4.Finally fall brings the full charm out of Japan. Typhoons, winds, rain and the heat subside, leaving the tourists to enjoy warm weather all across the country, with anywhere from +10C to +30C during the day and up to +10C at night. Fall is for the mountains, mushroom hunting, mind-blowing carnivals, crab and fugu season. It’s not easy to find a hotel reservation this time of year, so be sure to check Bilifo early for the deals we have to offer.

Do I need a visa?
Yes, but it’s not scary and most importantly, free. The visa regulations have been simplified in 2017 and no longer require an invitation.
With the basic list of documents, it will take you about 4 working days to acquire a three month visa. Health insurance is not mandatory but is recommended for most travel.
You can also use a travel agency that will take care of all the formalities for 7000 rubles per each Russian citizen, but the application process is so easy you might want to save the money for your vacation instead.

How to get here
Aeroflot and Japan Airlines offer a 9.5 hour non-stop flight from Moscow. Other flights with up to 2 stops are offered by Chinese or Korean Airlines, FinnAir and S7. You can use local trains, Keisei railway, buses and taxi (most expensive of all) to get into the city from the airport.

How to travel in Japan
By train. Shinkansen, tokkyu, kyūkō, kaisoku, futsū are all the trains in descending speed order, but not comfort. All trains are equipped with coffee and beverage machines, toilets, phones and multi-lingual boards. It would be a good idea to purchase the train pass in advance for a number of days or weeks. Metro is only available in big cities, open from 5am to midnight.
On wheels. Japan offers well thought-out bus itineraries, mostly running from 7am to 9pm. Taxis are available everywhere but are pretty pricey, depending on where you’re going and when. Beware that the Russian Driver’s License is invalid in Japan. You can rent a car for country travel (starting at $75 a day), but it’s impractically useless in the city – roads are oversaturated, parking is extremely limited and gas runs about $1.5 per liter. Plus, the risk of dealing with rigorous Japanese police officers and unfamiliar left hand driving.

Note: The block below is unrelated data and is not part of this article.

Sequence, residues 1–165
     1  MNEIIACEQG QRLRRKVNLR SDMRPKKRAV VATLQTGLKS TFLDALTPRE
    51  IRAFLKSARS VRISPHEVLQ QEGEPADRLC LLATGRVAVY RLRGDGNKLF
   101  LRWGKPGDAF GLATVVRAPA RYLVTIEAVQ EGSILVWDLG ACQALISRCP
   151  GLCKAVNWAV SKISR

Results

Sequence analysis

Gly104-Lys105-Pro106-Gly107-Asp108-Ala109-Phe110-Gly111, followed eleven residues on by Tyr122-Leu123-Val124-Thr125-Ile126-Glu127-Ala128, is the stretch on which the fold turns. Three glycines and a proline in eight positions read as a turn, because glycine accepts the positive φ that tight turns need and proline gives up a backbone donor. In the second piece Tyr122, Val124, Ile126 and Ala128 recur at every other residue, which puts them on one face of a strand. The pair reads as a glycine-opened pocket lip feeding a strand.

Advice to the traveler
The Japanese are in a lot of ways friendlier than they are talked about, but extremely pedantic, strict with themselves and others. Below you will find advice on how to act to ensure you don’t behave in a way disrespectful to their traditions.
It lacks culture to eat and walk at the same time. Literally. You can stand and eat, even in public transportation, better yet in designated spaces.
Always keep your phone on silent. Similarly, keep your loud conversations for the home atmosphere as well. And if you can still answer your phone on the street quietly, it is definitely frowned upon during public commute.
It is almost impossible to find public garbage cans on the street, so people usually take their trash home and sort it to dispose of accordingly.
Shoes always come off before entering a household, a shrine, any traditional restaurant, fitting rooms, etc.
You have to ask permission before taking a picture of another person, product or exhibition.
Smoking is allowed in designated areas only, so be sure you inquire before you light up, in order to avoid any fines.
If you happen to stand by the panel board inside an elevator, it is up to you to press the buttons for all and be the last one to exit the elevator.
Most restaurants will have a ticket machine to get in line for your table, similar to our bank queue ticketing.
It’s fairly hard to find an English speaker in the middle of Japan, so if you get lost, you can go straight to the police: they will “return” you to your hotel.
In short, try not attract any attention with the breadth of your soul and the decibels flying out of it. Clean up after yourself wherever you are. It’s a custom that translates even to a fast food restaurant – the return trays must be clean.
To edit and paraphrase Eleonory Gilburd, you don’t have to die, but it’s much more interesting to see Japan in your lifetime than Paris.